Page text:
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ASK THE CALIFORNIA EMPLOYMENT TAX AND PAYROLL TAX ATTORNEY – EDD SUCCESSOR LIABILITY RULES WILL MAKE YOU PAY FOR THE SAME BUSINESS TWICE – PART 2

By Robert S. Schriebman
2020

Introduction

This is Part 2 of a 2- Part series discussing what is known as successor liability. It is a little known trap for the unwary that is used by EDD collectors. In short, an EDD collector will attempt to collect a seller-employer’s past due EDD debt from a buyer who does not take steps to protect the purchase of the employer’s business. Cases in this area are few and far between. In this Part 2, we are going to discuss a recent sales tax case that, in principal, yields the same bad news for an unfortunate purchaser of a pizza business. The unfortunate buyer found herself paying twice the price for the pizzeria.

The Case of Abirami Baskarapandian

The Case of Abirami Baskarapandian dba Universal Print Company (OTA Case No. 18011966 (2019).

Let’s call the buyer Mrs. B. In September 2013, Mrs. B purchased the operating assets of Mr. G, a California corporation. Mr. G’s president owed a large amount of unpaid sales taxes, much larger than the $20,000 Mrs. B paid him. Mr. G. then filed a Notice of Close-Out for Seller’s permit with the then SBE. (Now known as the CDTFA) Mrs. B also took over the lease of the premises and began selling pizzas. She also added the business as a sub-location to an existing seller’s permit she held as a sole proprietor Abirami Baskarapandian, dba: Universal Print Company. Later in September 2013, Mrs. B formed a California corporation named Arusuvai, Inc.

Mrs. B failed to request a Tax Clearance Certificate from the SBE prior to purchasing the pizza business and she did not withhold from the purchase price an amount sufficient to satisfy Mr. G’s unpaid sales taxes.

The SBE issued to Mrs. B a Notice of Successor Liability for the full amount of $20,000 she paid for the pizza business. The SBE said that since Mr. G owed more than $20,000 in sales taxes, the entire $20,000 purchase price should have been paid over to the SBE and not given to Mr. G.

Is the SBE correct? Let’s look at the decision.

The OTA Decision

R&TC § 6811 is short and powerful. If any person who owes sales taxes, sells his/her business or quits the business, any successor is obligated to withhold from the purchase price the amount to cover back sales taxes until the original owner obtains a Tax Clearance Certificate stating that no amount is due. A person who purchases that business may become liable as a successor if that buyer does not set aside from the purchase price an amount sufficient to pay those taxes The purchaser will be released from the obligation to withhold if her/she obtains a Certificate from the sales tax authorities stating that no taxes, interest, or penalties are due from the buyer. R&TC § 6812(b)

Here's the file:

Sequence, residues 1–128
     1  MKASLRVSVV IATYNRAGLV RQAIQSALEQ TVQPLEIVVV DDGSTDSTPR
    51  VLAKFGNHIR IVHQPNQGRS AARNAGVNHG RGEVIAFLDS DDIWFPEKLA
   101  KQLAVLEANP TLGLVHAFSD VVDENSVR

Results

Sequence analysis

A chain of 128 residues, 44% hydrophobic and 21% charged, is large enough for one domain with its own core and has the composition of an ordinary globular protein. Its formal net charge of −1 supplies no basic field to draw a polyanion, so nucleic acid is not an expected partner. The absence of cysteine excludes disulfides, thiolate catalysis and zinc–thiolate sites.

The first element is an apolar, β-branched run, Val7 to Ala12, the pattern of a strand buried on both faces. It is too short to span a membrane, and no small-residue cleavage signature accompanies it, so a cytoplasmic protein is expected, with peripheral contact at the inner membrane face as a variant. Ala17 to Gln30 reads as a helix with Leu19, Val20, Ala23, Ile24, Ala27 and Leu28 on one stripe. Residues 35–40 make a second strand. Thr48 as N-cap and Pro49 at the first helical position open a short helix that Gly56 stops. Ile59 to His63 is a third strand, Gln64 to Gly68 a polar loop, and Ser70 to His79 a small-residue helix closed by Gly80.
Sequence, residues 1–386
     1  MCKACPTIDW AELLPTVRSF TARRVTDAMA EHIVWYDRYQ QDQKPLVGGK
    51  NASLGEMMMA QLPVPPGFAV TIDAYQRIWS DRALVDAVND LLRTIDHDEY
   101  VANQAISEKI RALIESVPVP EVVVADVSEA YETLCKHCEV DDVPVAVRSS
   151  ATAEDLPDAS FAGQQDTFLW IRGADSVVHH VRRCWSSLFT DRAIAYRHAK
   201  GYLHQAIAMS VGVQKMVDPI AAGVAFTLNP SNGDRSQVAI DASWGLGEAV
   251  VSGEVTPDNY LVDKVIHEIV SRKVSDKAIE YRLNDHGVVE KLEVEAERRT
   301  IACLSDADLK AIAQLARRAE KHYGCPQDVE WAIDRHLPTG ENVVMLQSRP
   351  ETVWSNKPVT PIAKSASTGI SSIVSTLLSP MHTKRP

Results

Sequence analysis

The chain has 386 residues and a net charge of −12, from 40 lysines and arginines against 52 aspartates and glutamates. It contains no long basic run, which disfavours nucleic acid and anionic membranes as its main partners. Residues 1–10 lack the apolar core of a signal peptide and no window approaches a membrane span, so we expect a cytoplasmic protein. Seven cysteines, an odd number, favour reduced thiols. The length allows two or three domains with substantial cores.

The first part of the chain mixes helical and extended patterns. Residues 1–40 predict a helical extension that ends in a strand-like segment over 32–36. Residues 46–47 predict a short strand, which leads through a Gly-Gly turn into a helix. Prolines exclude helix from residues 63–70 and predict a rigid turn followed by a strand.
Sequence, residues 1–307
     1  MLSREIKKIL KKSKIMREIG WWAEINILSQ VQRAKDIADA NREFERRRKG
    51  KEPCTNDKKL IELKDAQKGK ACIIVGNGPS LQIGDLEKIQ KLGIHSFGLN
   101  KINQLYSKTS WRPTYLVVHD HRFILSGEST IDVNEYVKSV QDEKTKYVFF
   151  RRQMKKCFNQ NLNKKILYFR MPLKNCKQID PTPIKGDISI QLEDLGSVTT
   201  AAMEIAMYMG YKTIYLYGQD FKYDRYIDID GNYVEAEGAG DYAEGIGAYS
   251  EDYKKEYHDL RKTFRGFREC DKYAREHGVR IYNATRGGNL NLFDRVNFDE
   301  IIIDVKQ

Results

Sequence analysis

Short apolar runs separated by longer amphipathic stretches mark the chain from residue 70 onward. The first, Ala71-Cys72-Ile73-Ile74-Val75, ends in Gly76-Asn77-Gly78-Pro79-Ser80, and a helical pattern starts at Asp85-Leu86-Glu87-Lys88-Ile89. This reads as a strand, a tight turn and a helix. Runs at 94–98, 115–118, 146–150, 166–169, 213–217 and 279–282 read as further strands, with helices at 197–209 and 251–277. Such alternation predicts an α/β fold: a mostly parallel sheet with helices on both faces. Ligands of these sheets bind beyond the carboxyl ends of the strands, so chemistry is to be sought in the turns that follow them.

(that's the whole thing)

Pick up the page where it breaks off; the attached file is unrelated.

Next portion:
R&TC § 5812(b) states that if a purchaser of a business fails to withhold from the purchase price, as required, he/she becomes personally liable for the payment of the amount required to be withheld to the extent of the purchase price.

In reading R&TC §§ 6811 and 6812, I noticed something very important missing from the law. That is the requirement that before a successor is held liable for unpaid sales taxes, the tax collector should be made to show that collection from the original seller is either impossible or fruitless. There is no such requirement. The law is essentially a “lazy man’s” statute that allows the government to attack the course of least resistance. I’ll talk about this later.

Mrs. B’s Arguments

After Mrs. B acquired the pizza business, she formed a wholly owned corporation known as Arusuvai, Inc. and transferred all of the assets of the pizza business to her new enterprise. She argued that successor liability should attach to Arusuvai and not to her. In other words, she should not be personally liable for Mr. G’s unpaid taxes. The OTA shot her down. She bought the pizza business on September 1, 2013 but formed the corporation on September 30, 2013. She did not transfer ownership of the business until January 1, 2014. In reality, the corporation did not purchase the business. The OTA was right and this is just one more example of people doing things backwards.